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Sydney Gardnor Jarman
1856-1949

Jarman was born in Tiverton, Devon, a son of Thomas Jarman and worked as a newspaperman in Tiverton at the Tiverton Gazette. It is not known where he was educated. He belonged to a volunteer Battalion of the Devonshire Regiment,and was an excellent shot. He was a keen sportman, participating in running, hurdling, angling, skating, rugby and association football. But his main interest was cycling, winning numerous prizes riding a 52-inch "Penny-Farthing" round the highways and byeways of Devon and Somerset.

He moved to Bridgwater to edit the Bridgwater Gazette in 1871, then to St Ives, Huntingdonshire, 1890 to become Managing Partner of Hunts County Guardian and finally to Wrexham in 1894 where he became Propretor and Editor of the North Wales Chronicle. He was active in civic life there, serving on the Borough Council. He was Mayor, 1913-1914 and 1914-1915, an Alderman until 1945, and JP from 1915. He was awarded the Freedom of the Borough in 1931. He served on the Highways, Education and Public Library Committees.

During the First World War he established a 'Pals' (13th) Battalion of the Royal Welch Fusileers, to raise recruits, and with his wife did much to aid Belgian refugees in the town. Mrs Jarman was awarded the Medal of Queen Elizabeth of Belgium for her services. The Burgomaster of Antwerp presented a Belgian flag, which was flown in Wrexham for the duration of the war.

Jarman was Churchwarden at Rhosddu; a Governor of Wrexham, County Schools; President of the Wrexham Peripatetic Society, which visited local beauty spots; President of the Wrexham Bowling Club. He was chairman of the Liverpool District of the Institute of Journalists.

He married Mary Hooper (1859-1938) of Tiverton. They had 5 sons. He died in January 1949, aged 92.

We are particularly grateful to Mr John Davies of Wrexham for sending photocopies of contemporary newspaper obituaries of Jarman, from which this biographical account had been written.

He wrote a number of books on local history and topography:

A verse history of Tiverton Castle (the publication of which is something of a mystery. Jarman mentions it in his History of Bridgwater, but we have not been able to trace it).
A Visit to Cannington, Reprinted from the Bridgwater Gazette, 1881
A Handbook of St Mary's Church, Bridgwater, 1885
A History of Bridgwater, 1889 (see below)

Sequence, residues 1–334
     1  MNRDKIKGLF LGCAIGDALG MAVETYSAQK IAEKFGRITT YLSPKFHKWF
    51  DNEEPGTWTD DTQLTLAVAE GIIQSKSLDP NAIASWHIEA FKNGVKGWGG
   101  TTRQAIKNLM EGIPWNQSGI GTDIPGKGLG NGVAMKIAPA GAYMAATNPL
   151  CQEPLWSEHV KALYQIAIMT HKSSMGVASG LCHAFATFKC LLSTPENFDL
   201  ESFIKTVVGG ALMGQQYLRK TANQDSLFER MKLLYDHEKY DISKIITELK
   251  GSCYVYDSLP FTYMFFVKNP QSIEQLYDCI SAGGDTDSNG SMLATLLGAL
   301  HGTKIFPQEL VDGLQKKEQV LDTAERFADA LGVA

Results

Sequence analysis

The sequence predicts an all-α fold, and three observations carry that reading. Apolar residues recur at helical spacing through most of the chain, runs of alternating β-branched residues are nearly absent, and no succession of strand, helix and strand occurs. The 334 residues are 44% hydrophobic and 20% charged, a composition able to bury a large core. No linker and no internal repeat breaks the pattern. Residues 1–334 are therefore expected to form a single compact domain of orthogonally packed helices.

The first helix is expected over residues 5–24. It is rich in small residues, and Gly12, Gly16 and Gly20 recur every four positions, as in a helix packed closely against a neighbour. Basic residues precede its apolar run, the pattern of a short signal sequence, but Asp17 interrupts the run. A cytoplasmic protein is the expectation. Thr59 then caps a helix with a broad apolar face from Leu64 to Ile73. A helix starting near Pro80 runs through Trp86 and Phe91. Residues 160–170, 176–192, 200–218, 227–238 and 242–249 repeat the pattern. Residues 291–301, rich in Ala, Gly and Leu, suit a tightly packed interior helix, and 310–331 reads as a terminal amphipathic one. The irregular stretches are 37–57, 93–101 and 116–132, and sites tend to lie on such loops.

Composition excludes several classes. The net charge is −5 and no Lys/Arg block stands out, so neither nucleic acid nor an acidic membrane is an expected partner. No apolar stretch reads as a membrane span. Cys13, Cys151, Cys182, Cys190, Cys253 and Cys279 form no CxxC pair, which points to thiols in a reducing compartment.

The Village of Wood Hurst ... Reprinted from the Hunts County Guardian, 1889
The Bridgwater Infirmary: A record of its rise and progress, 1890.
Two Continental trips (Holland and Belgium), 1892
Trades and industries of Saint Ives. Reprinted from The Hunts County Guardian, 1893
The Village of Old Hurst ... Reprinted from The Hunts County Guardian, 1893
Coals of Fire, and other stories, sketches, and poems. Saint Ives: Hunts County Guardian Printing Works, 1893
Notes on a Week in Belgium, 1894
The village of Gresford: past and present, 1902 and 1912
A Scamper through Belgium. The new L. & Y. route to the Continent ... Reprinted from the North Wales Guardian, 1906

Chapters from his History of Bridgwater, (1889)
A Editorial Introduction - Tony Woolrich, 2020
B Front Matter
I. Early Times 1
II. Under the Romans 4
III. The Danes 8
IV. The Norman Conquest 15
V. The Manor of Bridgwater (& St John's Hospital) 18
VI. The Castle of Bridgwater 26
VII. General History (1138-1300) 31
VIII. General History (1500-1620) 36
IX. Siege of Bridgwater 43
X. Local Coinage 57
XI. Drainage Works 60
XII. Admiral Robert Blake 63
XIII. General History (1650-1700) 73
XIV. The Battle of Sedgemoor 78
XV. The Bloody Assize 95
XVI. General History (1700-1800) 99
XVII. Bridgwater in the Eighteenth Century 106
XVIII. General History (1800-1840) 111
XIX. Railway Matters 119
XX. General History(1840-1860) 123
XXI. General History (1860-1889) 129
XXII. The Water Supply 139
XXIII. The Population 144
XXIV. The Volunteer Movement 146
XXV. The Political History 149
XXVI. The Borough Muniments 160
XXVII Bridgwater Journalism 171
XXVIII Freemasonry 175
XXIX. Friendly Societies 178
XXX. The River Parrett 198
XXXI. The Churches of Bridgwater 201
XXXII. Nonconformist Places of Worship 216
XXXIII. The Charities 229
XXXIV. Public Buildings and Institutions 223
XXXV. Proposed Ship Canal 240
XXXVI Miscellaneous Notes 244
XXXVIII. A Concluding Retrospect 259

Appendix 263
List of Subscribers 279

Tony Woolrich 2019. All Content © Bridgwater Heritage Group, unless otherwise stated. All rights reserved, do not reproduce material without permission.

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